June 3, 2016 Comments(0)

    A Narrow Escape (JUNE – 2016)

    FEATURE Peggy Melmoth
    Author Peggy Melmoth relaxing aboard her floating home near London.

    Anyone who has ever seen the movie, “Houseboat,” starring Cary Grant and Sophia Loren, has probably fallen in love with the idea of living on the water. They took an old wreck of a boat, cleaned it up a bit, painted it from top to bottom and strung some lights for atmosphere from the top deck. It’s hard to watch the film without dreaming of renovating your own floating home to perfection, and living happily ever after – at least for about 15 minutes. Most people come to their senses after that length of time. But fortunately, a few adventurous souls do not…

    Peggy Melmoth is an author, blogger, mom and most unusually, lived on a narrowboat for more than a decade with her husband and two young daughters. She began blogging about her experiences in 2010, with the words, “Space: The final frontier.” She wasn’t referring to the cosmos, but rather the challenging lack of space on her narrowboat, christened the Grassington. (Narrowboats by design can be no more than 2.1 meters in width in order to navigate the narrow canals and locks.)

    She has since written two e-books, “Narrowboat Families” and “Living on a Boat,” which should be required reading for all those considering the lifestyle, and especially those with children.

    narrow-escape-Auchinstarry-Marina-near-Glasgow
    Auchinstarry-Marina-near-Glasgow

    Melmoth didn’t just wake up one day and decide to jump on the nearest boat bound for nowhere. Her earliest cravings for adventure began when she was still a little girl, and fancied the romanticised notion of living like a gypsy, moving from place to place. As a young college graduate of Art College in 2000, she headed for London, where her worries for the future sounded very much like those of the college students of today.

    “…I began to think I would never be able to afford to get on the property ladder,” recalls Melmoth. But while living in a flat in Kentish Town, one day she spotted a narrowboat moving lazily down the river near Camden Lock. She was suddenly struck with the notion of living on a narrowboat.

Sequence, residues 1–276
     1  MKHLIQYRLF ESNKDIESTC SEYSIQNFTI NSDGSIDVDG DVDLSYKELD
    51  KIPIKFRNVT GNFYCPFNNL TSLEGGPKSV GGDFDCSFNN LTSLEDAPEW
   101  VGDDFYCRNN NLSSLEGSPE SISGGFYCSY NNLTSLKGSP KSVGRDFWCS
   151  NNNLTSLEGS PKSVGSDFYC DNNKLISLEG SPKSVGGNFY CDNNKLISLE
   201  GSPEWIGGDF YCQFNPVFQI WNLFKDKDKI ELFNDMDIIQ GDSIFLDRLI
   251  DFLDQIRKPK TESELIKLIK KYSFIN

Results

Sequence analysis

“I bought my first boat…with a bank loan and a credit card, and I had a mooring outside a pub in Harlesden,” explains Melmoth. But she later decided to leave the mooring in favour of becoming a continuous cruiser, between London, Hertfordshire and Essex. As she explains, “If I craved a different view from my kitchen window, I just moved the boat!”

    Far from feeling stir crazy or confined in the small space, to Melmoth, life on the boat represented freedom. No doubt her love of nature helped in the transition as well, since she spent lots of time outside, living side by side with birds, fish and other wildlife.

    Later, as a mum, Melmoth found one of her biggest challenges was time. To be sure, there are extra chores that come with living on a boat that are not required when living in a house on dry land. The requirement to relocate every two weeks, refilling the water tank, the dreaded emptying of the toilet tank, getting rid of rubbish, and normal maintenance on the boat. Still, Melmoth never felt overwhelmed by the extra tasks.

    Both of her children were born on the boat, so to them, floating on the water was just a normal way of life, though a few strict rules had to be implemented, such as staying away from the edge of the boat, and not running when beside a lock. The whole family also had to restrict their belongings, limiting the number of toys, clothing and other material possessions, but Melmoth says, “I never missed having loads of stuff.”

    Apparently Melmoth is not alone in her love of the freedom of living on the water. It is estimated that more than 30,000 people now live on the canals and waterways in the UK, with more than 3,000 canal dwellers in London alone.

    Melmoth works as a freelance blogger for several boating concerns, including Boatshed Grand Union. You can read her work at grandunion.boatshed.com. Her book, “Narrowboat Families,” is free with a subscription to her blog at narrowboatwife.com.